Appeals Court Ruling Paves Way for Gender Quotas in High School Sports

The followers of the American Sports Council (ASC) will recall that we’ve been warning for years that gender quota activists were setting their sights on applying Title IX’s proportionality rule to high school sports. Now, with a recent federal court ruling, that day has come.

In a September 19, 2014 decision, the US Court of Appeals for the Ninth Circuit affirmed the district court judgment in the case Ollier v. Sweetwater Union High School District.

From the decision:

“The Government’s position rejects Sweetwater’s argument that Title IX should be applied differently to high schools than to colleges, as well as the idea that the district court’s “substantial proportionality” evaluation was flawed.6 We agree with the Government that the three-part test applies to a high school.

This is suggested by the Government’s regulations, See 34 C.F.R. § 106.41(a) (disallowing sex discrimination “in any interscholastic, intercollegiate, club or intramural athletics”), and, accordingly, apply the three-part “effective accommodation” test here. Although this regulation does not explicitly refer to high schools, it does not distinguish between high schools and other types of interscholastic, club or intramural athletics. We give Chevron deference to this regulation. See note 5, supra. See also McCormick ex rel. McCormick v. School Dist. of Mamaroneck, 370 F.3d 275, 300 (2d Cir. 2004) (applying three-part test to high school districts); Horner v. Ky. High Sch. Athletic Ass’n, 43 F.3d 265, 272–75 (6th Cir. 1994) (same).”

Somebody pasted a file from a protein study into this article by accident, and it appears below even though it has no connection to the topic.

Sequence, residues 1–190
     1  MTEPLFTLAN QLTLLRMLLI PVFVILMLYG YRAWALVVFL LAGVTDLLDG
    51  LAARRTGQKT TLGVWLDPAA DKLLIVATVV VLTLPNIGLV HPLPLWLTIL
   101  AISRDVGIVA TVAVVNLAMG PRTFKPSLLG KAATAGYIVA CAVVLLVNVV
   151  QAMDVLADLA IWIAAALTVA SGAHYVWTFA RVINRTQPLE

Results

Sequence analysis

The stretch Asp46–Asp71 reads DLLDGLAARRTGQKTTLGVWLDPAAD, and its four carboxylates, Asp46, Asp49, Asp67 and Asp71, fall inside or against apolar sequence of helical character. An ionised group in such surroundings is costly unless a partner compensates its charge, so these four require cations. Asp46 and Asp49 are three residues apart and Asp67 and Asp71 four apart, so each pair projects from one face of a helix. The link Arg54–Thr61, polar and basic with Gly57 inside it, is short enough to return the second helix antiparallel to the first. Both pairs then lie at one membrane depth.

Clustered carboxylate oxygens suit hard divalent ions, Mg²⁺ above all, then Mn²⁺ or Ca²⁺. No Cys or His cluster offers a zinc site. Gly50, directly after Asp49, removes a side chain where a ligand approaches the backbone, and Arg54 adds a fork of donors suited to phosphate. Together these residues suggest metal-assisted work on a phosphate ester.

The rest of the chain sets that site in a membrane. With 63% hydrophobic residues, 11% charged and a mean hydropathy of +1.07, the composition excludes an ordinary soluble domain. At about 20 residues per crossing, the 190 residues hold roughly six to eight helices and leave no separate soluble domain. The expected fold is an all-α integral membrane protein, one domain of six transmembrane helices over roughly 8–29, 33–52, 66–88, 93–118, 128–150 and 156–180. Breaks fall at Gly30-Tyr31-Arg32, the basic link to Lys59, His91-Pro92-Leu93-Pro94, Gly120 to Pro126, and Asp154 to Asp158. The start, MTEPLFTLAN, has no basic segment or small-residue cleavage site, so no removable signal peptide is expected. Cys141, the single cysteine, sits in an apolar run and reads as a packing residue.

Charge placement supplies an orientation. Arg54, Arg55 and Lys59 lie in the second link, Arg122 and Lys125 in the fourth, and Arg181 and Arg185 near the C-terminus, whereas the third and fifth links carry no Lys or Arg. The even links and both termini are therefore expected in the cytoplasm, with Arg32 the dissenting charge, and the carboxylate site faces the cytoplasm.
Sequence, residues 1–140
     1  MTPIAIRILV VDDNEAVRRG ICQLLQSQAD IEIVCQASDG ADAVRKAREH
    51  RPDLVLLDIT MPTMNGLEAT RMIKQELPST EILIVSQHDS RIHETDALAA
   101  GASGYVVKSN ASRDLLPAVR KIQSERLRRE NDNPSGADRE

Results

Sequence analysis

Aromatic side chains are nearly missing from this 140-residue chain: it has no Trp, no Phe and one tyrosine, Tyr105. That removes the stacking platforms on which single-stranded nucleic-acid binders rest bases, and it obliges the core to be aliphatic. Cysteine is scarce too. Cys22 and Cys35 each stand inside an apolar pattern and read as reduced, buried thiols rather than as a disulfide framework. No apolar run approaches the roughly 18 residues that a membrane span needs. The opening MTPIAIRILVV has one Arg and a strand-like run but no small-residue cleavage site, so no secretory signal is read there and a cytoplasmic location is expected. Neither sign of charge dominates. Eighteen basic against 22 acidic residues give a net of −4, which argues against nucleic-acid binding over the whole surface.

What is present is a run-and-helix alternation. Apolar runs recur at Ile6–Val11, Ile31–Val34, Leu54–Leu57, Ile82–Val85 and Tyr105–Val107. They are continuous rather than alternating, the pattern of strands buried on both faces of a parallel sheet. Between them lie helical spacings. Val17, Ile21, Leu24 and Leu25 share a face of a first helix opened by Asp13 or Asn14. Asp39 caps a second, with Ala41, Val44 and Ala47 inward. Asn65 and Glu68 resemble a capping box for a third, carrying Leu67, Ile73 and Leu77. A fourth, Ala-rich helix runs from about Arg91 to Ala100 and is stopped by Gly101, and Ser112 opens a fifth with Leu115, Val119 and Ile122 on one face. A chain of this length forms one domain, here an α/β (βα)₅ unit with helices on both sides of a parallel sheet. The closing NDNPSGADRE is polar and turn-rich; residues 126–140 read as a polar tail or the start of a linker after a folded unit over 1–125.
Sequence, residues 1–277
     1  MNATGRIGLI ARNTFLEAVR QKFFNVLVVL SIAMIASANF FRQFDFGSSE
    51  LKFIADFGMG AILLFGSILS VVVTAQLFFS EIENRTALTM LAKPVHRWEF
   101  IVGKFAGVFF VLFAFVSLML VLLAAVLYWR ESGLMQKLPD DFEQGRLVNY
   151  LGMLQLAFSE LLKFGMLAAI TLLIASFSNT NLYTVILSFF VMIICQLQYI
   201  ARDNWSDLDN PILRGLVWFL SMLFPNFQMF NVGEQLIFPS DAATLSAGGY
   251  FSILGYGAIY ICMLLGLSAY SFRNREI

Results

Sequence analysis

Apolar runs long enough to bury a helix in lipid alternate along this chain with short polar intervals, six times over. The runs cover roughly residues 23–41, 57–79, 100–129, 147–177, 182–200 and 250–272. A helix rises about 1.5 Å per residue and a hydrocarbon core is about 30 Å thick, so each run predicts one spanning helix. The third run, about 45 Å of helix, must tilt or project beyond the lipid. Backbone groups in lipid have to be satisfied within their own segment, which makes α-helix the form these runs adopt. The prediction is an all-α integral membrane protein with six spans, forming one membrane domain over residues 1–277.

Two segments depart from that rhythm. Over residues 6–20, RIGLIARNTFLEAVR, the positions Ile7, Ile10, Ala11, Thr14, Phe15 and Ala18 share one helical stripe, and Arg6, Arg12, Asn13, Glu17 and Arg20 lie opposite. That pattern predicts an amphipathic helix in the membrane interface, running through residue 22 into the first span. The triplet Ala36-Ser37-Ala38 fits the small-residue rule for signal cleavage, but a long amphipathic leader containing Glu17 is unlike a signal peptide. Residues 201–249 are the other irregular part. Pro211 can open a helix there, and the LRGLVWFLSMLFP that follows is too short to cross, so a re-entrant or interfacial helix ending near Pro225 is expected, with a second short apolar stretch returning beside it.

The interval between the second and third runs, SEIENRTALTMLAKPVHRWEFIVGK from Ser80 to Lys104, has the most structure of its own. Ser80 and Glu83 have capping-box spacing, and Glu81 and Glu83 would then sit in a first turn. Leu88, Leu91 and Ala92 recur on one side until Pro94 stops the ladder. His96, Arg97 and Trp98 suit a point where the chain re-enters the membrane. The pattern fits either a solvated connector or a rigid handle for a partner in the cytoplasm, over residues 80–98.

Back in 2011, the ASC sued the Department of Education to prevent the use of strict proportionality in Title IX at the high school level because it violated the Equal Protection Clause of the U.S. Constitution. In 2012, that complaint was dismissed, not on the merits, but based on the court’s position that since the ASC did not suffer any injury due to the Three-Part Test’s application to high school sports, that it did not have standing to sue.

At the time, Joshua Thompson of the Pacific Legal Foundation had this to say about the decision and its implications:

On its face, the Three-Part applies to intercollegiate athletics. Indeed, its actual title is, “A Policy Interpretation: Title IX and Intercollegiate Athletics.” It requires that colleges engage in sex-balancing by requiring institutions to have a proportional representation of male and female athletes at each school. While this alone is constitutionally troubling, the rub with this latest lawsuit is that sex-quota activists have been using the Three-Part Test to force sex-balancing on high schools. The law neither allows this nor was ever designed for this.”

The implications here are profound. In high school, the gender balance of students is essentially 50/50. Despite this, about 1.3 million more boys than girls participate in high school sports. For boys, interscholastic competition is their preferred type of extracurricular activity. Given that most high schools are under extraordinary financial pressures, the easiest way for any school to comply with Title IX’s Three-Part Test will be to limit the number of boys who participate in sports in order to make the numbers balance. That will likely result in roster caps, and eventually, the outright elimination of many teams.

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